Streaming Rights On Whitney Houston Movie NOT Pulled In Order To 'Make Really A Large Amount Of Money On DVD Sales' [Updated]
from the profiting-off-of-death dept
Update: Netflix denies this story,
though the reporter stands by it. See update at the end. We covered how Sony Music UK jacked up prices on Whitney Houston’s music minutes after her death — then changing them back and apologizing. However, in an even more extreme case, it appears that whoever holds the copyrights on the Whitney Houston movie, The Bodyguard has pulled those rights from Netflix, where it had been streamable (found via Karl Bode, but kudos to Dan McDermott who noticed the problem and found out the details from Netflix). The reasoning is that they figure lots of people will want to buy it now, and this is a chance to cash in on her death:
Netflix rep: “Okay Dan, I just went and talked to my main supervisor as to why the movie had been pulled and the reason it was pulled was the production company pulled the streaming rights from us because all the publicity after Whitney Houston’s passing there was an opportunity to make really a very large amount of money on the DVD sales of her movies. So they’re going to pull all the streaming titles we have of Whitney Houston so they can make more money off the DVD sales of her movies.”
Now, watch the copyright holder complain that there’s too much infringement of the movie as well…
Update: Apparently Netflix is denying the story though McDermott — a long time reporter stands by the story. Netflix claims that the streaming rights to the movie went away last year when a licensing deal ended (and it is true that Netflix has lost some streaming rights in the last few months, though I have no idea if this is one of them). However, McDermott insists that he got the story from Netflix directly. As he told Andrew Couts at Digital Trends:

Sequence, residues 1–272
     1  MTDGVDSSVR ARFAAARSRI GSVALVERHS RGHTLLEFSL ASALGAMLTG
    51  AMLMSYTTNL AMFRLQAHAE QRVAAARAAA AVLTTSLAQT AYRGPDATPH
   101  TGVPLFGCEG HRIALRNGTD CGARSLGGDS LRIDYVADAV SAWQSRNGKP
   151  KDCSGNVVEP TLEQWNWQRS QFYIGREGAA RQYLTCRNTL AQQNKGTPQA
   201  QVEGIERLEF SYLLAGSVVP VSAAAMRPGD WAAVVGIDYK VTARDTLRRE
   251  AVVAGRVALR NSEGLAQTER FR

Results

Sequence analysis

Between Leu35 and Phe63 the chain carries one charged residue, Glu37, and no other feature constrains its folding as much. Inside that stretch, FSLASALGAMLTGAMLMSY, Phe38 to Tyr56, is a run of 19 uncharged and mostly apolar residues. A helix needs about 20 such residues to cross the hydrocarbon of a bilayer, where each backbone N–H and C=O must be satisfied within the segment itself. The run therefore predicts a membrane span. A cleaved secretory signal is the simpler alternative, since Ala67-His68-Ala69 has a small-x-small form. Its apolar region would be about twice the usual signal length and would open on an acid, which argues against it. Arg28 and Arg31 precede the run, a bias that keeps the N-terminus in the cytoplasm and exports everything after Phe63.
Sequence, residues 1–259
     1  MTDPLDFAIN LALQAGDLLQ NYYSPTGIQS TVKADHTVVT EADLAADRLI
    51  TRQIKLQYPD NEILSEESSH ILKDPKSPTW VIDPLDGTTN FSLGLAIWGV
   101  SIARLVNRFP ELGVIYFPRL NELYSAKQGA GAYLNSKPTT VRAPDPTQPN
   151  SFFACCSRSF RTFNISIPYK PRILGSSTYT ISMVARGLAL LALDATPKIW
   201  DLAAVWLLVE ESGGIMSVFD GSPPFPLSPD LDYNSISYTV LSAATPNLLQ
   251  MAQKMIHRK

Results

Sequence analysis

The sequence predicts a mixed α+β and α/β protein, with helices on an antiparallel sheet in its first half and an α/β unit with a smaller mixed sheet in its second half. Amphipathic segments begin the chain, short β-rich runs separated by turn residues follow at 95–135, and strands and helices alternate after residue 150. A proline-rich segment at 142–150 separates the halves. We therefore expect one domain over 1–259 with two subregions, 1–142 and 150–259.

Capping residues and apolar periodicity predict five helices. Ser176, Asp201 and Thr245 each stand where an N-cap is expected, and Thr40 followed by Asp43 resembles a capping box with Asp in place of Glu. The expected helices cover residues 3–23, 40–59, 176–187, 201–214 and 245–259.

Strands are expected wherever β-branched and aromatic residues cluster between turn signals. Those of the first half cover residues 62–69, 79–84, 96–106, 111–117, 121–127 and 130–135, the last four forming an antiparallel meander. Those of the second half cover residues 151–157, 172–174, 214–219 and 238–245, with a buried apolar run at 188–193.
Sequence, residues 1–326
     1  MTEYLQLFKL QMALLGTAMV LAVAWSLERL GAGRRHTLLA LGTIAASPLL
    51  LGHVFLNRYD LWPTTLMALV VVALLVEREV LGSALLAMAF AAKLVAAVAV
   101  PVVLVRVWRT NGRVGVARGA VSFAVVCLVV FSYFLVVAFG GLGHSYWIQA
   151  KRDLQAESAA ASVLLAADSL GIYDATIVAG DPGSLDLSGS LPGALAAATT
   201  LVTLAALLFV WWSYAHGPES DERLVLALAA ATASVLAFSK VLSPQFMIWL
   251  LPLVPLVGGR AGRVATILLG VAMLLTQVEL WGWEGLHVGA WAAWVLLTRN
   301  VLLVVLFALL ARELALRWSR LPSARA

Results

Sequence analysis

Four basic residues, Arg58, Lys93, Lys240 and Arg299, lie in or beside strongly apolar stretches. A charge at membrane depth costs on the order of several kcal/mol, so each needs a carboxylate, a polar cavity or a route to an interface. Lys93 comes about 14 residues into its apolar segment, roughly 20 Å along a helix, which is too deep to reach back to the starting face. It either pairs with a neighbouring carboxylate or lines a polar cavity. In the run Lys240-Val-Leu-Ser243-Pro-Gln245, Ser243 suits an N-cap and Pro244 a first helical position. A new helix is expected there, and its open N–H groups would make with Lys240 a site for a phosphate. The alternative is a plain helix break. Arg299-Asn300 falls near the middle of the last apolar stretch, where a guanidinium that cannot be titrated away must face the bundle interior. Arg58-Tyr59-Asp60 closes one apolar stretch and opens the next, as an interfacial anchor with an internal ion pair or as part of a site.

“I publish three newspapers and first started in news when I was news director at WLVA in 1987. I was aware of the sensitive nature of the story and was cautious and responsible,” McDermott told us via email. “The quote I printed is accurate. I cannot speak to whether the Netflix representative was telling me the truth but I asked him to verify what the Netflix users were saying (that it was pulled after her death) and the guy came back and said what he said. I tripled checked to get the quote accurate.
“He said that he had checked with two supervisors and that the ‘main’ one told him why it had been pulled.
“Personally I believe that the kid told me what his supervisors said. I can’t imagine that they were pulled after her death in some bizarre coincidence.
“Also, it is important to note that Netflix is not the bad guy in this. Unless they lie now.”
I guess it’s possible that Netflix is right, and there was confusion on the part of the supervisors…
Update 2: Indeed, it looks like my guess was correct. Netflix was right, and the supervisors of the customer service guy were wrong. Dan McDermott has admitted that the report the guy gave him appears to be wrong. He reported it correctly, but Netflix staffers gave him incorrect info. The movie was pulled from streaming back in January…